You can measure the period of silence by updating a timestamp whenever data is received, and having a thread periodically check the timestamp. Alternately, you can use the wait/notify mechanism in the Object class. Place a wait(timeout) in the Keep-Alive thread; when data arrives, restart the wait(timeout). If the wait(timeout) expires, the timeout period has passed with no incoming data. The Keep-Alive should then become suspicious and probe the connection.

Because PassiveKeepAlive only sends a dummy message when it gets suspicious, it is more conservative with network and CPU resources than ActiveKeepAlive.

ActiveKeepAlive on the server and PassiveKeepAlive on the client make a good combination. If you set the ActiveKeepAlive's send interval to less than the PassiveKeepAlive's timeout period, then the timeout should never trigger. As long as communications are uninterrupted, the server need not waste CPU filtering out incoming dummy messages from the client (often the load on the CPU is more of a problem than the load on the network), yet the server can clean up dead sockets as fast as possible. The client, on the other hand, can make its own use of the server's dummy messages as confirmation that the connection is still alive.

A variant on PassiveKeepAlive is to update the timestamp both when a message is received and when a message is successfully sent, rather than just when a message is received. Because of TCP's reliability, a successful send is an indication that the connection is alive. However, it is not an indication that the remote side's application is functioning correctly, and so it may be better to update timestamps on incoming messages alone.

AreYouThere/IHeardYou

The aforementioned Keep-Alives all depend on TCP's reliability, as implemented with built-in acknowledgments, to verify that the connection is alive. Often, however, you may encounter situations in which the client application, though running and connected, has frozen. This can occur, for example, when a bug in a browser causes it to start consuming 100 percent CPU (yes, it happens), even if your applet is bug free. In these situations, the TCP/IP stack still sends ACKs as needed, but the client application has, for your purposes, ceased functioning. When this happens, you want to clean up the server-side socket.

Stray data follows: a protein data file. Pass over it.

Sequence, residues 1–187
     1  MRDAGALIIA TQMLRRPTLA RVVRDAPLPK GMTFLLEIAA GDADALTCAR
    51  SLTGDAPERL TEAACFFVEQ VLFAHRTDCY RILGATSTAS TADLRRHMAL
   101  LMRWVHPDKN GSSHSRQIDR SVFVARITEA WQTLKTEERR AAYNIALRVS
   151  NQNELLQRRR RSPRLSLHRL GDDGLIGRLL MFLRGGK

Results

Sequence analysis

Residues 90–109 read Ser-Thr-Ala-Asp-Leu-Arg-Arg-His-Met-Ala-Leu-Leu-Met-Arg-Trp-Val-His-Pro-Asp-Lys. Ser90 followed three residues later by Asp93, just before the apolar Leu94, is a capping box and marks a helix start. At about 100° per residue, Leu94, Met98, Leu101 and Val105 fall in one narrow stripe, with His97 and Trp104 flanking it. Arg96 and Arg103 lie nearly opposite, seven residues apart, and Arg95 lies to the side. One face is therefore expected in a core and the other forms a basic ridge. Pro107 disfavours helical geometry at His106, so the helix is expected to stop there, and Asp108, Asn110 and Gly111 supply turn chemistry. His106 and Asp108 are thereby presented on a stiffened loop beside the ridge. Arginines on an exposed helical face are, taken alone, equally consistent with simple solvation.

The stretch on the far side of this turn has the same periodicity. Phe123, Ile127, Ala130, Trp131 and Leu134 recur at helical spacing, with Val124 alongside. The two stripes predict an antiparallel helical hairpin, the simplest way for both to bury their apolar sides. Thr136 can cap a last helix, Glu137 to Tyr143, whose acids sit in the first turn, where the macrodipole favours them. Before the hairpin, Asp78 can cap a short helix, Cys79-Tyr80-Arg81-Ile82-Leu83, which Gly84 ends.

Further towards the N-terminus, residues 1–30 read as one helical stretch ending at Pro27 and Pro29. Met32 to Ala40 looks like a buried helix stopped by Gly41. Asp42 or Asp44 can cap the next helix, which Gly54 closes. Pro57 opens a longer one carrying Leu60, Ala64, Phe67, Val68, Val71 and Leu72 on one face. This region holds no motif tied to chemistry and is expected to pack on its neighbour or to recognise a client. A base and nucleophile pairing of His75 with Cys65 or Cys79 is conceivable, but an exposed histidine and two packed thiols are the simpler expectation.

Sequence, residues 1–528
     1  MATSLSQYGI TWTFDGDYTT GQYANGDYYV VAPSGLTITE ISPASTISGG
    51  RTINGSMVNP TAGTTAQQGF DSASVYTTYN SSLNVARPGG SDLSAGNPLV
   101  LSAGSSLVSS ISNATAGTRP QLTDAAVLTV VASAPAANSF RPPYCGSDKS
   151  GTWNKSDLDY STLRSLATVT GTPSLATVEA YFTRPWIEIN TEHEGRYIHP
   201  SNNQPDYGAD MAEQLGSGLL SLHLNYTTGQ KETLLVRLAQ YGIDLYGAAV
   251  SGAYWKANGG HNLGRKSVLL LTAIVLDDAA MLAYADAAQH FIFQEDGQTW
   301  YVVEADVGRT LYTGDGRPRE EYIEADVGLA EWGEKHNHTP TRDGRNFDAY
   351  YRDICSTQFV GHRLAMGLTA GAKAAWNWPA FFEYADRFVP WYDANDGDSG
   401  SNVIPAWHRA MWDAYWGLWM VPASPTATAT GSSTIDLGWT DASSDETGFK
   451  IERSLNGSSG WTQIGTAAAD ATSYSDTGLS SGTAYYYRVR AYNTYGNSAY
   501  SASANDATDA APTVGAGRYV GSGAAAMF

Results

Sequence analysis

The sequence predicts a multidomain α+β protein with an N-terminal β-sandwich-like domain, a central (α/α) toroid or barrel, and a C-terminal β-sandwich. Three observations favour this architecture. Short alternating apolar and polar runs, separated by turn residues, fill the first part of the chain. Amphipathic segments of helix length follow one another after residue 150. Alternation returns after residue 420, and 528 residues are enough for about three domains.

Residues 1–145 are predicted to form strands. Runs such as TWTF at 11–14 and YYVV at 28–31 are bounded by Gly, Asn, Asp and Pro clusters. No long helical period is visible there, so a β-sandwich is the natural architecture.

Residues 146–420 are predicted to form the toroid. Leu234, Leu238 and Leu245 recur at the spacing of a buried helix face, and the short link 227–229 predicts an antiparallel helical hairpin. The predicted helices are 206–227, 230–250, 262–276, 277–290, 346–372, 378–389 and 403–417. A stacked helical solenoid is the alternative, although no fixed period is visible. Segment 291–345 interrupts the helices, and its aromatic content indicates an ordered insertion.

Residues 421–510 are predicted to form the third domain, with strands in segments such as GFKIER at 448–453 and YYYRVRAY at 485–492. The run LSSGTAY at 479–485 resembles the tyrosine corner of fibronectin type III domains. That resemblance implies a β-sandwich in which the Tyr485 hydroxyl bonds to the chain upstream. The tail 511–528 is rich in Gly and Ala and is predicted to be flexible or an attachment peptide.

You can do this by replicating part of the TCP acknowledgment protocol in your code. When one side, usually the server, has heard silence for too long, it sends out a special "Are-You-There" message (see AreYouThere in Listing Three). The protocol requires the other side to respond with I-Hear-You (see IHearYou in Listing Four). Before sending I-Hear-You, the receiving side may wish to check that all its threads are functioning properly. The I-Hear-You can be a dummy message, since its only purpose is to restart the server's timestamp for incoming messages. Because you are duplicating the existing TCP functionality, you want to save bandwidth by making timeouts for this protocol quite long.

Unlike the previous Keep-Alives, implementing this requires the Keep-Alive on the receiving side to pay attention to received data and respond to specific messages. Are-You-There messages need to be filtered out from other incoming data. Of course, you want to be able to do this without mixing Keep-Alive code into the remainder of the application. The example in the online code implements the IHearYou Keep-Alive as a callback filter. It receives each incoming message and checks to see if it is an Are-You-There or an application message. If it is an Are-You-There, a dummy message is sent in response.